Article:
“It is absolutely unbearable to be one of the few states in the U.S. and in the world that does not have a satellite in space,” Villa said. In the future, he said, “Kansas will discover that many more of its indigenous industries will be able to reap the benefits by leveraging on space assets” — say, by measuring crops more precisely or predicting when farm acreage is undergoing stressful conditions that could result in crop failure.
It’s a big project, but the proposed satellites are small. According to NASA, CubeSats are built in units of 10-by-10-by-11 centimeters — payloads can be up to six units in size, which would weigh about 26.5 pounds.
The KU group lead by Sargent proposed a six-unit-sized payload to carry four different instruments: a cosmic ray detector; a device to measure ice sheet thickness at the South Pole, and an “astrobiology collaboration” with KU biologists that would carry bacteria and fungi for further study in partnership with K-12 students. A fourth instrument, an “energetic particle detector,” is sponsored by Fundamental Technologies, a Lawrence-based company that works on space-related projects.
Putting together the project is hard work, Villa said, but worth it: Sargent and other students on the project “will also learn that details are what matter and that details make the difference between success and a spectacular failure.” He added: “In developing a spacecraft, you can never settle for mediocrity. Space does not forgive.”
For her part, Sargent said she’s benefited from being at KU. The aerospace engineering program is largely oriented toward in-atmosphere aircraft design, she noted, but the program has offered plenty of support — in terms of resources and funding — as she has taken the initiative on more space-related projects.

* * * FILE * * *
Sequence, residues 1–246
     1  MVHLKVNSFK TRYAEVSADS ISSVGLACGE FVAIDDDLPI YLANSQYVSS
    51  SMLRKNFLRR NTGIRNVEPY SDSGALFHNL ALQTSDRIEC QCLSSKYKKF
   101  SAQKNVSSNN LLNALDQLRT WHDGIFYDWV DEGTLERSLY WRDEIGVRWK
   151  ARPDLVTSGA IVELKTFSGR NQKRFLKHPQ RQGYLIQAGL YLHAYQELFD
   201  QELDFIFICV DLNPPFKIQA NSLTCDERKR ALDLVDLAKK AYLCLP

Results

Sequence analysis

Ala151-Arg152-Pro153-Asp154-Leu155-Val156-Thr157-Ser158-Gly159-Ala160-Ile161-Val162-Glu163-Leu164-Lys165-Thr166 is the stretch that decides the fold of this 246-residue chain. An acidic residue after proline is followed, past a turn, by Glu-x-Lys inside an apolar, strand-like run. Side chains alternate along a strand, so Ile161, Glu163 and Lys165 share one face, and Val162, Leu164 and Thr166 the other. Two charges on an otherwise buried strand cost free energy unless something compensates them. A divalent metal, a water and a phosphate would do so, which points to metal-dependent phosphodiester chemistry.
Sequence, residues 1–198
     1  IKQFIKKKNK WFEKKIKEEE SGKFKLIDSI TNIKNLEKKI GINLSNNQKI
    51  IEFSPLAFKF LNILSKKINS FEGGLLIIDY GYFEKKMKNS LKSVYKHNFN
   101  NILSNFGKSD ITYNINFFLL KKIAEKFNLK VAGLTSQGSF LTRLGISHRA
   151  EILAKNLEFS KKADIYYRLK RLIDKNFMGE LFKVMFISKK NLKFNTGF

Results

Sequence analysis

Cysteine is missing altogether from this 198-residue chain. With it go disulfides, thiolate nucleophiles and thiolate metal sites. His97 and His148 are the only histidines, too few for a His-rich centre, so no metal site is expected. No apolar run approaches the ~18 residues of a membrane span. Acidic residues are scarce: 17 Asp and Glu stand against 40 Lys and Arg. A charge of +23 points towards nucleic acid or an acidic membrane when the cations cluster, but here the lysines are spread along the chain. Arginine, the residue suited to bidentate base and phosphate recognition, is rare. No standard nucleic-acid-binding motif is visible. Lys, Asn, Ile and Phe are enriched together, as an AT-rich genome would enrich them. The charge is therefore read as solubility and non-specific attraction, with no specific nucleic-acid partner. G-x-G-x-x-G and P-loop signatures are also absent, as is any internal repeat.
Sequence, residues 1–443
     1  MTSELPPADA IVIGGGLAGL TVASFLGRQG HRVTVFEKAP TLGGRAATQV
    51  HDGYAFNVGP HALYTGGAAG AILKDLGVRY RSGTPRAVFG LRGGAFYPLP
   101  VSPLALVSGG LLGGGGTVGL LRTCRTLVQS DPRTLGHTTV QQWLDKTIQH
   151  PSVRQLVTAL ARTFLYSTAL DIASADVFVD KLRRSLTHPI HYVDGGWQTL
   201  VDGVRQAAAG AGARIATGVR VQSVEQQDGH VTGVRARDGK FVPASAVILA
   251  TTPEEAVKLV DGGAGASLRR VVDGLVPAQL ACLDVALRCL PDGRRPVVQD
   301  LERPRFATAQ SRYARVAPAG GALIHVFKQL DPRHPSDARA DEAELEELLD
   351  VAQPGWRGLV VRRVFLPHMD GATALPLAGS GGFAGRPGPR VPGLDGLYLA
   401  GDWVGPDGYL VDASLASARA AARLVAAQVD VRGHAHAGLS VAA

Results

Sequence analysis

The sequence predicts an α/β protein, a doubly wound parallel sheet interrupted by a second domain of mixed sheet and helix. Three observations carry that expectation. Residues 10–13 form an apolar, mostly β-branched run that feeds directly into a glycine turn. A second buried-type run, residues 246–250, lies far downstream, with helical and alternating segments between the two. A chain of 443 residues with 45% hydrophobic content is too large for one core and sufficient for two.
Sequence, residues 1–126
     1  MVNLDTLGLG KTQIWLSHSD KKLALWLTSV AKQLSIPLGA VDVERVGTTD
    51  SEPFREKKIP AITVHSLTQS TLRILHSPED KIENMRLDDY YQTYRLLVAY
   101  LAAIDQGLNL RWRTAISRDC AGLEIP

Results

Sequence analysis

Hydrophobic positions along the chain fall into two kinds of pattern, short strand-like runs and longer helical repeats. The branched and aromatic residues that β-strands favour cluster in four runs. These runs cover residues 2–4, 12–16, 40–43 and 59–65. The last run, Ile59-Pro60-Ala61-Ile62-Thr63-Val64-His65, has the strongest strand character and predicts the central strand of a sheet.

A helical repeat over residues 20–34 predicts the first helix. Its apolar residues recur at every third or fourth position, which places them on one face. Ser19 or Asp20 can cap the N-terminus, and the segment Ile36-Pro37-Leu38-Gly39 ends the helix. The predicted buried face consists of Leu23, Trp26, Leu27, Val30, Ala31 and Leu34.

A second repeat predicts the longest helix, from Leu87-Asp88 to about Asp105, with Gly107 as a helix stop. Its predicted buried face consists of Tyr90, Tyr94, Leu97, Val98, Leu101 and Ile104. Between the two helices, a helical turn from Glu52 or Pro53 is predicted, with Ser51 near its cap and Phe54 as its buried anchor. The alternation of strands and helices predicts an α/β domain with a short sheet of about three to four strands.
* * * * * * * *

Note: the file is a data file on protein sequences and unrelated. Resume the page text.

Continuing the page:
“Projects like this, being able to connect with alumni like Marco who will donate their time and even say, ‘My company will donate a system as long as we know that you're serious about this, and that you know everyone is onboard.’ That's really big, and I don't think that that would necessarily be the case everywhere,” Sargent said.
Villa, meanwhile, sees his involvement as a form of paying back the benefits he received from his own KU experience.
“I can trace back all the successes in my career to the experience I made while studying and working at KU,” he said. “In the five years I spent in Lawrence, I developed a lot of the skills and knowledge I am still using to date in my daily efforts. I also gained tremendously from the ‘human’ aspect that plays a part in being a team player and ultimately a leader.”
And Sargent, he said, “has all the right stuff to be a great leader. Still a long way ahead, but I have rarely met someone with more passion and drive.”
Sargent, meanwhile, hopes that drive takes her to work for NASA. While she appreciates the growing commercial side of the space industry, she said, “NASA stays true to what it is to explore space and really focus on the science. They've always been there for that.”
First thing’s first, though: Getting a CubeSat into space. NASA is expected to select the latest round of CubeSat participants by Friday, Feb. 16.